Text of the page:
Creeping credit worries and fears of inflation were pushed aside Wednesday afternoon, but those issues will continue to dog markets Thursday.
Weekly jobless claims data is released at 8:30 a.m. The Philadelphia Fed survey and leading indicators are reported at 10 a.m.
There are a few earnings reports Thursday including J.C. Penney , Williams Cos, Safeway , MGM Mirage , Newmont Mining and Barrick Gold .
Credit Crunch, Crunch, Crunch
CNBC senior economic correspondent Steve Liesman was the first to report Wednesday morning that investors who put money into certain closed end funds are having a tough time getting their money out. Those funds invested in auction-rate preferred securities, one of the latest casualties of the credit crises. The market for those securities has become highly illiquid as major players stepped aside.
Morgan Stanley late Wednesday joined Gabelli and Blackrock in saying it was attempting to work out a solution with other market participants to return liquidity to the market. It acknowledged that some of its funds were affected by the failed auctions in that market.
John Sprow, senior portfolio manager with Smith Breeden, who follows credit markets, said the credit crisis continues to spread from its origin as a subprime problem. "Specifically, things are not as bad or as volatile as they were in August, but if you look at what someone thought in August -- that this was a subprime problem and we might be through this in six months -- here we are six months later, and it's not gone. It's spread," he said.
"The commercial mortgage backed market has just been destroyed. it's impaired," he said. "There we're more toward early innings."
"We're seeing early round protection buying in corporates," he said. "That's been a lot of the action in the last couple of days."
Sprow said he does not follow the auction rate securities market, a short term market of mostly municipal and student loan issues. But he says the problems with liquidity in that market are another sign of the constriction. "We've gotten through some of these things, but new ones crop up," he said.
It's the new favorite fear word - stagflation. So anything showing inflation rising and growth slowing are immediately read as evidence supporting that trend.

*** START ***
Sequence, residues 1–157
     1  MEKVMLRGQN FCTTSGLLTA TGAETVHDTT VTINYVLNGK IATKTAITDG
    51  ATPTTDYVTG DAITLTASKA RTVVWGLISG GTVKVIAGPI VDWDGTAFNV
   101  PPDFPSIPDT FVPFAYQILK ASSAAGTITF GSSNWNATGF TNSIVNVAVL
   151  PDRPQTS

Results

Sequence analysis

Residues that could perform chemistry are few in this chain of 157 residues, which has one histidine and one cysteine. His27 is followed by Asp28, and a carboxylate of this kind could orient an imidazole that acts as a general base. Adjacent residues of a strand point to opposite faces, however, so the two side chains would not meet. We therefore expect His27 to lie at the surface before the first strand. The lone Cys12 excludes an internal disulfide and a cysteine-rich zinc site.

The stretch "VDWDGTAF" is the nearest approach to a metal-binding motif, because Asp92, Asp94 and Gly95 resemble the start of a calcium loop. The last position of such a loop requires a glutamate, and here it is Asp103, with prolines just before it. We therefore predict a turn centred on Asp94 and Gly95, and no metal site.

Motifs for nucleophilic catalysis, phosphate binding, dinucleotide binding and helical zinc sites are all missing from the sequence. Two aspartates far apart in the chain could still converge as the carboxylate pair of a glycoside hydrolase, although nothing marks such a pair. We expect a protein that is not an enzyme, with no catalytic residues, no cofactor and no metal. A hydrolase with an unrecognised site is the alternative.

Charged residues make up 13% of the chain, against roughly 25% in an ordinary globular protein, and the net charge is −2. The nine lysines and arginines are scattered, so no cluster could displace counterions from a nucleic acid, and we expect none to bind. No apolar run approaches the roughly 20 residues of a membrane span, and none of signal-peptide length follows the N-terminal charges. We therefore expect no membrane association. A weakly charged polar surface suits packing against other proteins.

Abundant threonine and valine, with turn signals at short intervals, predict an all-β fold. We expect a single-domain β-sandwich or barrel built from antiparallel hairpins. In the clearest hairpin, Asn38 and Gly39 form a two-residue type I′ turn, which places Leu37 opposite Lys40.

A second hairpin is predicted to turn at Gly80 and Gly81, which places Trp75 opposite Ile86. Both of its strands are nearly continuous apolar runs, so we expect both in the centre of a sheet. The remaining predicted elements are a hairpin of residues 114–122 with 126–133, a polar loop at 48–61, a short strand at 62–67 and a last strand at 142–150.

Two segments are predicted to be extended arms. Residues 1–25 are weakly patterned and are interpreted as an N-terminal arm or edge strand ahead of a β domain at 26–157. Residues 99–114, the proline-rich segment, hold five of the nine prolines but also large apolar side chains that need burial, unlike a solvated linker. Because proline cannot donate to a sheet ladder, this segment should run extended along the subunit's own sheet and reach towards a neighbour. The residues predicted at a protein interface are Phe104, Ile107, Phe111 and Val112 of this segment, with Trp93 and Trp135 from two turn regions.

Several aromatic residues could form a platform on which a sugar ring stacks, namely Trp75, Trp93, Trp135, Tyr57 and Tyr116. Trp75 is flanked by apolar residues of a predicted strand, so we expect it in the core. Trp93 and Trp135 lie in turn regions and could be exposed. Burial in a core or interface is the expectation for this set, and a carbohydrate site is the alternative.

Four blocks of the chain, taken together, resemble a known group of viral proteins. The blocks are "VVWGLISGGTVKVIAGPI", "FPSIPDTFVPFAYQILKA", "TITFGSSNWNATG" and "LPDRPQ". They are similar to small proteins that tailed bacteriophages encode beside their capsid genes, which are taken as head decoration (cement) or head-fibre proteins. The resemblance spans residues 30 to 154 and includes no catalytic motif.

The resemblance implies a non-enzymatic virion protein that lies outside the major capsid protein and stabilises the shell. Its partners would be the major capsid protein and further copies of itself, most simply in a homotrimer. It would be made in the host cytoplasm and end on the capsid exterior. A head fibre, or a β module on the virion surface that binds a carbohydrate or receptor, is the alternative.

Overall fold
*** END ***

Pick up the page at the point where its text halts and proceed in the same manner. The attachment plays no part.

Wednesday's CPI inflation data fed into that formula. It was disappointing, with higher than expected readings for January. The CPI rose by 0.4 percent, above the 0.3 percent expected. St. Louis Fed President William Poole was a bit comforting in his comments to reporters. He said inflation is going in the wrong direction "but it is creeping in the wrong direction, not galloping."
In the minutes, the Fed also said there is risk to growth on the downside. Traders took that to mean the Fed will cut interest rates as necessary, but there were also indications that it will be ready to battle inflation when things improve.
Stocks started Wednesday on a negative note, after the disappointing consumer price data. But by midafternoon, stocks were rising and rallied into the close. The Dow was up 90 at 12,427 but not before moving in a more than 230 point range. The S&P 500 was up 11 at 1360, and the Nasdaq was up 20.90 at 2327.10.
Among the worst performers for a second day were telecom shares, off 2.9 percent after a 5 percent decline Tuesday. The stocks are under pressure on concerns a price war among wireless carriers will bite into profits. Of the S&P sectors, tech stocks, boosted by Hewlett-Packard, were the best performers, up 1.7 percent. Energy shares were up 1.5 percent and financials were up 1.6 percent.
Oil prices shattered another record, crossing above $101 per barrel for the first time. Crude hit a record $101.32 before settling to close at $100.74 per barrel. Grains were mixed but some commodities continued to move higher, including gold, up $8 per troy ounce, up 0.9 percent at $934.60.
Treasurys were also on the move, with the 10-year falling 10/32, raising its yield to 3.913 percent, its highest level since Dec. 31. The two year fell 5/32 and is yielding 2.129 percent.